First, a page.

Hawke’s Bay District Health Board’s third Health Equity report provides a stark reminder that constant attention, and new ways of working are needed to maintain progress to eliminate inequities in health.
Clinical director of Population Health Dr Nick Jones said this report and the district heath board’s Clinical Services Plan now provided the road map for future direction that would focus more on Kaupapa Māori and whanau-centered approaches that he believed would make real in-roads into reducing and eventually eliminating inequity.
“The bleakest message we still have, through this report, is - Māori, Pacific people and people living in areas of greater socio economic deprivation are still more likely to die early from avoidable causes.
“For Māori, avoidable deaths could be reduced by a quarter by improving heart health, and another quarter by addressing the current rates of mortality from lung cancer through smoke free living and by addressing the underlying causes of suicide and vehicle crashes.”
Dr Jones said despite much to work on, the third report did highlight a number of success stories made through effective community partnerships.
“We know from successful programmes both in Hawke’s Bay and elsewhere that tackling inequity needs system and culture change. There are many components to this and health can’t do this without the support, focus and commitment of our community partners.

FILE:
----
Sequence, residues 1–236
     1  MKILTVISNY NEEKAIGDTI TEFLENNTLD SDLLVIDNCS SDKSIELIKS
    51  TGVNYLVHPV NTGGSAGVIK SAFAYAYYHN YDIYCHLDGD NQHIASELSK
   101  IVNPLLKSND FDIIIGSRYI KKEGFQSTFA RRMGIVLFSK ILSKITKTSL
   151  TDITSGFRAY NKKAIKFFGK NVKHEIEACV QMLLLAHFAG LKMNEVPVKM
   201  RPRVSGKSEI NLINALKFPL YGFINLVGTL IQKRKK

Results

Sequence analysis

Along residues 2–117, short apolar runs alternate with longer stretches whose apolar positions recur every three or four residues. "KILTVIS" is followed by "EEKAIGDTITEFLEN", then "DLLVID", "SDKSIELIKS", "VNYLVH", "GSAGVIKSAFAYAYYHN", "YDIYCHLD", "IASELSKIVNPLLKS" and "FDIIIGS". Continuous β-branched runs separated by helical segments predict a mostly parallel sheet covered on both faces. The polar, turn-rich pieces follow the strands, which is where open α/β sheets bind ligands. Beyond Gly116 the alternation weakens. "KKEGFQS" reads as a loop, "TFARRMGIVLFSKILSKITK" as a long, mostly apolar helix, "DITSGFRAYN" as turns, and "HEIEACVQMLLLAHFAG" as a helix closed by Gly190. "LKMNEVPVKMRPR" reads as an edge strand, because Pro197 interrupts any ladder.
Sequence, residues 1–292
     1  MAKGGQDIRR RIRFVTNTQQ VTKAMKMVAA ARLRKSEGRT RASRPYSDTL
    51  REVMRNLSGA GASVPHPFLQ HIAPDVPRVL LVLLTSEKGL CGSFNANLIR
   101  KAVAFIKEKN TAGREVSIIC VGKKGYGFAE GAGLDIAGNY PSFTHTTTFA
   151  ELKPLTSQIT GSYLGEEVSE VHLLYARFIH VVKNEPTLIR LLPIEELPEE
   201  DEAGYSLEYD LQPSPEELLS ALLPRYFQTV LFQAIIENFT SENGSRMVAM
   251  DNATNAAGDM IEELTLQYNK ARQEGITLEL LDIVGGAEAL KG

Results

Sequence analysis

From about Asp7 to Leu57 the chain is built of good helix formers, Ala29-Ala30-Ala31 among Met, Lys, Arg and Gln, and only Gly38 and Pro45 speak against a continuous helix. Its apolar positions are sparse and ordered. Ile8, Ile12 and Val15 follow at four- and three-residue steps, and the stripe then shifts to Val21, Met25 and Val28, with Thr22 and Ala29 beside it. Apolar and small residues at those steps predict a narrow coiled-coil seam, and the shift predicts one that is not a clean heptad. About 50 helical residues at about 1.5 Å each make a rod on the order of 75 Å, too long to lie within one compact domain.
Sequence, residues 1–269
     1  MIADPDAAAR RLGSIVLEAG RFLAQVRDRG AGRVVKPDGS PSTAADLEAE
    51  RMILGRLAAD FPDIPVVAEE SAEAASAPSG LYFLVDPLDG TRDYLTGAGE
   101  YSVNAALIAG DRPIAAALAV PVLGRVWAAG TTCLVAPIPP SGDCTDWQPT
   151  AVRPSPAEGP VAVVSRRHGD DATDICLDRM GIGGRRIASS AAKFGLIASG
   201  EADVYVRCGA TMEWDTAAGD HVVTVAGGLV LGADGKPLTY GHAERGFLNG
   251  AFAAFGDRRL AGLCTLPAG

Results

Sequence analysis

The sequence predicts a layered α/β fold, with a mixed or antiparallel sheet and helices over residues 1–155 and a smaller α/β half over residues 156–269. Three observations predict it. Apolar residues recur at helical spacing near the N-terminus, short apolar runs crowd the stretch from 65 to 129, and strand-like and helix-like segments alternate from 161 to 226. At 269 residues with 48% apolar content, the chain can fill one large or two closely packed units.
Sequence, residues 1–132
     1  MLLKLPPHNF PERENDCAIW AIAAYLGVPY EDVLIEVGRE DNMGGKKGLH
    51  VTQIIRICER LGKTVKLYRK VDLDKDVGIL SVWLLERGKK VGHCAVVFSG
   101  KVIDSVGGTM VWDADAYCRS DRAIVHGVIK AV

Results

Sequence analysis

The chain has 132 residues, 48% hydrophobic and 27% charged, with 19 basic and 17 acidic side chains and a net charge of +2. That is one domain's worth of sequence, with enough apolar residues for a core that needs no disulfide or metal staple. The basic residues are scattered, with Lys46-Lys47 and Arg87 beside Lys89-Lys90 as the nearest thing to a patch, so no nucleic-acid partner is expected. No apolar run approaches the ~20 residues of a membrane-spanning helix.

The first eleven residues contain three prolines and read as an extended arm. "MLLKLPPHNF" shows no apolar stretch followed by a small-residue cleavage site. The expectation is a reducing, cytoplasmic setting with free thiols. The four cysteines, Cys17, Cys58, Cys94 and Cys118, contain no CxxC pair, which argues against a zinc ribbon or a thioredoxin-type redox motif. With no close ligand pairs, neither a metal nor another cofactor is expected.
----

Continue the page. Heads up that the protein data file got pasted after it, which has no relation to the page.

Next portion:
“Hawke’s Bay’s high immunisation rates are a great example of how we can prevent inequity by developing ways of working differently to meet different cultural needs through wide-reaching community engagement,” Dr Jones said.
New to the report was the addition of a life chart that illustrated how health-related events, social, economic and physical environments and behaviors could either grow or deplete our health capacity.
Dr Jones said the life chart showed the importance of equity across the course of life, and tells the story of how events earlier in life influence health as we age.
The report also includes a new section on family violence. Dr Jones said, while it will take a community-wide effort to address family violence, health services had an important role to play in effective screening and early intervention.
The report also included a look at mental health inequities; such as the higher rate of hospital stays for mental illness and the rates of self-harm for Māori and women.
“New key findings show that hospital stays for assault are increasing. In 2016/17 Hawke’s Bay female assault hospital stay rates were higher than the national average and Hawke’s Bay Māori female rates of hospital stays due to assault were six times greater.”
“Along with our clinical services plan this health equity report will provide a framework of actions to change the trends in the focus areas identified. Work on this has already begun.
“I’d like to thank the many people who have been involved in developing this report. It has taken a significant amount of time to analyse, and study the data trends from our business intelligence unit, and there has been a significant contribution from our Māori Health colleagues,’ Dr Jones said.